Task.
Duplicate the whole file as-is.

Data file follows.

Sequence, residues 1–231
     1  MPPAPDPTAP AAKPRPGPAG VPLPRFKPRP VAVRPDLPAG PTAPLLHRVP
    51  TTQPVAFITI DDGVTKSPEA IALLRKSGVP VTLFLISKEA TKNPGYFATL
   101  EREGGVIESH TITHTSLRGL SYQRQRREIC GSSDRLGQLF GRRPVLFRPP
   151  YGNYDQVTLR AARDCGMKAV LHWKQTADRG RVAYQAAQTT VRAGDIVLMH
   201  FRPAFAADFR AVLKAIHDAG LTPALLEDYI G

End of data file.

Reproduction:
Sequence, residues 1–231
     1  MPPAPDPTAP AAKPRPGPAG VPLPRFKPRP VAVRPDLPAG PTAPLLHRVP
    51  TTQPVAFITI DDGVTKSPEA IALLRKSGVP VTLFLISKEA TKNPGYFATL
   101  EREGGVIESH TITHTSLRGL SYQRQRREIC GSSDRLGQLF GRRPVLFRPP
   151  YGNYDQVTLR AARDCGMKAV LHWKQTADRG RVAYQAAQTT VRAGDIVLMH
   201  FRPAFAADFR AVLKAIHDAG LTPALLEDYI G